Global M&A is on course for a record-breaking year as pent up demand pushed deal-making to an all time high in the first quarter.
The momentum seen in the latter half of 2020 has continued unabated with the M&A market surging in the first three months of the year.
The number of deals is up 21 per cent from a year ago, according to analysis by Willis Towers Watson, with 206 deals completed in the first quarter.
It is largely due to a strong performance in North America where volumes jumped 33 per cent year-on-year making it the region’s second largest first quarter on record.
“US-based deals are responsible for much of this remarkable resurgence in activity, which looks set to continue through 2021, fuelled by the Biden administration’s $2 trillion dollar infrastructure and economic stimulus plan, booming stock markets, vast sums of cash to deploy and sustained low interest rates,” Jane Mercerau, head of corporate M&A consulting at Willis Towers Watson said.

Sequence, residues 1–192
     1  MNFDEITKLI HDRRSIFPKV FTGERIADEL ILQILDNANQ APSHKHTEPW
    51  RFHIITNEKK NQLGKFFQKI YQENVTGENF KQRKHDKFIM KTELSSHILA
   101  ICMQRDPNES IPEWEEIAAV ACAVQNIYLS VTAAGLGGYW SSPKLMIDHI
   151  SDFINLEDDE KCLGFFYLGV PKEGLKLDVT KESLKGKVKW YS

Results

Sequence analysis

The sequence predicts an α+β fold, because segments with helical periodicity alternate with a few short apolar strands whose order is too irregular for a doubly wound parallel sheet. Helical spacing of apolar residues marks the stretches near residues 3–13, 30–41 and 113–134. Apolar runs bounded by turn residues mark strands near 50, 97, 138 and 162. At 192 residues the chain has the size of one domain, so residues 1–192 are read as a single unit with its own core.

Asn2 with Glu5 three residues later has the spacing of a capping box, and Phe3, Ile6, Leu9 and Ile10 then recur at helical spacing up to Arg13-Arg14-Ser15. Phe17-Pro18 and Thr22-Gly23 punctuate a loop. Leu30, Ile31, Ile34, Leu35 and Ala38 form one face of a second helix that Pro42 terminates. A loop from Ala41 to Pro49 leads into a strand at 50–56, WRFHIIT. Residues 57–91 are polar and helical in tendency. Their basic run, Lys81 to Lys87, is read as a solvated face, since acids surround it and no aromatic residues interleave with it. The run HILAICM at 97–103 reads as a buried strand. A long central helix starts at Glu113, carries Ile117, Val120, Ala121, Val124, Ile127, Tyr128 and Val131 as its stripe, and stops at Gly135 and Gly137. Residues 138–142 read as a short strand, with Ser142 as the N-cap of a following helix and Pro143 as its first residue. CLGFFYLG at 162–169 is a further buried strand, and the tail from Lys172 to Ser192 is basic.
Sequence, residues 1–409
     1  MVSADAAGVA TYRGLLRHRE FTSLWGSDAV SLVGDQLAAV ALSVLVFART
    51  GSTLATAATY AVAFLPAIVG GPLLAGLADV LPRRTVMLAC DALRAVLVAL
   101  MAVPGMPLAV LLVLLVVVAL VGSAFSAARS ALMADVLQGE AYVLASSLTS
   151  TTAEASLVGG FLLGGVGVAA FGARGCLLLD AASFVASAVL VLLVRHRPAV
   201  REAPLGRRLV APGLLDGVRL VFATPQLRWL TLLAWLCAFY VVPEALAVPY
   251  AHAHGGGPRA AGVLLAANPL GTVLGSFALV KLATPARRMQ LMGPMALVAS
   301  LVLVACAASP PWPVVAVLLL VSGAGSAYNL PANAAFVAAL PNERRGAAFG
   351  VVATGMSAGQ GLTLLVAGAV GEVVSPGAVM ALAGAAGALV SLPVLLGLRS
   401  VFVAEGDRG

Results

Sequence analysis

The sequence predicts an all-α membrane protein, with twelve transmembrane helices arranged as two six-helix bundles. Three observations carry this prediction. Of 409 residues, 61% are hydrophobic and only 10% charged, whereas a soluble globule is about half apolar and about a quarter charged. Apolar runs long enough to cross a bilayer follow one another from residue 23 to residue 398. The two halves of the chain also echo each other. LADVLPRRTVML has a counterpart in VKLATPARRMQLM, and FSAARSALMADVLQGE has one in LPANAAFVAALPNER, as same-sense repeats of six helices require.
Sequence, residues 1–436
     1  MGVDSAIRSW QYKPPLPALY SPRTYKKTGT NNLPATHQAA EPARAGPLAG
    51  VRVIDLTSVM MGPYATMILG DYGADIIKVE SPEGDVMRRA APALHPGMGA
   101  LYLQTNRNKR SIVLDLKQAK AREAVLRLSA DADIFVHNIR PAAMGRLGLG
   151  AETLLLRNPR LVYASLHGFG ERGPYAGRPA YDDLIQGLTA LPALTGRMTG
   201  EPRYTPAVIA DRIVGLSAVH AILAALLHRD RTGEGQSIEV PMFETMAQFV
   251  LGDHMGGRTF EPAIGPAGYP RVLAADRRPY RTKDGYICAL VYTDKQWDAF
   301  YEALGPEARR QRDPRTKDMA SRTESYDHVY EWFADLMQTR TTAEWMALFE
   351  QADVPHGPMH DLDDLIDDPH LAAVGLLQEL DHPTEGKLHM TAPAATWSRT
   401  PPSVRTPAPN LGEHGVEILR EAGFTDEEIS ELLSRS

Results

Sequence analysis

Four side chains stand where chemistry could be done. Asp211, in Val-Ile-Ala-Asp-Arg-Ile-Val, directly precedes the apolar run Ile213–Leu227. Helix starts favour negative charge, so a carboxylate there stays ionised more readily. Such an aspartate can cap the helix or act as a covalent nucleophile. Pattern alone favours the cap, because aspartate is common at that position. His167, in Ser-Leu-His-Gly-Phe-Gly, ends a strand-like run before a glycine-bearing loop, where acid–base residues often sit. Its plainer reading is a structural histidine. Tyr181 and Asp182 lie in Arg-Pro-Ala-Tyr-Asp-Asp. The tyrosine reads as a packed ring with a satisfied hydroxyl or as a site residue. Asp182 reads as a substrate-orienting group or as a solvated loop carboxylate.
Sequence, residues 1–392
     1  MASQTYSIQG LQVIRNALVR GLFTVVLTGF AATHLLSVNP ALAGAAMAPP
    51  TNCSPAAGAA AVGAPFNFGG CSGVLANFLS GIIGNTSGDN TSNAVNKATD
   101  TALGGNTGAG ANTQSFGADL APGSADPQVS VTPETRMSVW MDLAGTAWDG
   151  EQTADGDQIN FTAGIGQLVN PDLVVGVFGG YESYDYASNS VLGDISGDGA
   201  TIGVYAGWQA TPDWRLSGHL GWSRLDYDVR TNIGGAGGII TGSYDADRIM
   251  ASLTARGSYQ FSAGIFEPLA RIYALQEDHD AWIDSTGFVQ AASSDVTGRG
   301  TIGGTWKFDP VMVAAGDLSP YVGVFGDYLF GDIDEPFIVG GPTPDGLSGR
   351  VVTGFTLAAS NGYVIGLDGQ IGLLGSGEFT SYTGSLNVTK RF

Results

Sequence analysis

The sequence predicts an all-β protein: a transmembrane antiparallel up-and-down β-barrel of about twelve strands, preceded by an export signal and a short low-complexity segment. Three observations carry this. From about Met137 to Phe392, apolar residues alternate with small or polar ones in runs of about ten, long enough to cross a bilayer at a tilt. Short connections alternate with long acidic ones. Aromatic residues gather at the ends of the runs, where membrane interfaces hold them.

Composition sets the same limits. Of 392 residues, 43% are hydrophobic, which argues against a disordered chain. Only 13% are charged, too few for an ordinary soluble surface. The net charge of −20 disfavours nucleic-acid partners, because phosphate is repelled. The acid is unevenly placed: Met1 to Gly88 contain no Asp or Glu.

North American buyers outperformed their regional index by 16.3 per cent, the second consecutive quarter the region has achieved a positive performance.
European buyers continued a strong streak outperforming the regional index by 12.1 per cent in the first quarter while acquirers in Asia-Pacific outperformed by 17 per cent.
The proliferation of blank-cheque vehicles, also known as special acquisition companies, has likely contributed to the deal-making boom in North America. SPACs are shell companies that are listed on the stock exchange and merged with target businesses.
The largely US phenomenon has fuelled a rush of deals worth $1.3 trillion in the first quarter, according to Refinitiv data.
With growing scrutiny on SPACs, and increased competition in the M&A space more generally because of a smaller pool of targets, buyers may feel pressured to buy quickly.
“With financial conditions still uncertain, dealmakers will need to resist the temptation to cut corners on due diligence and take the time to review their targets and understand which levers to pull to maximise growth,” Mercerau added.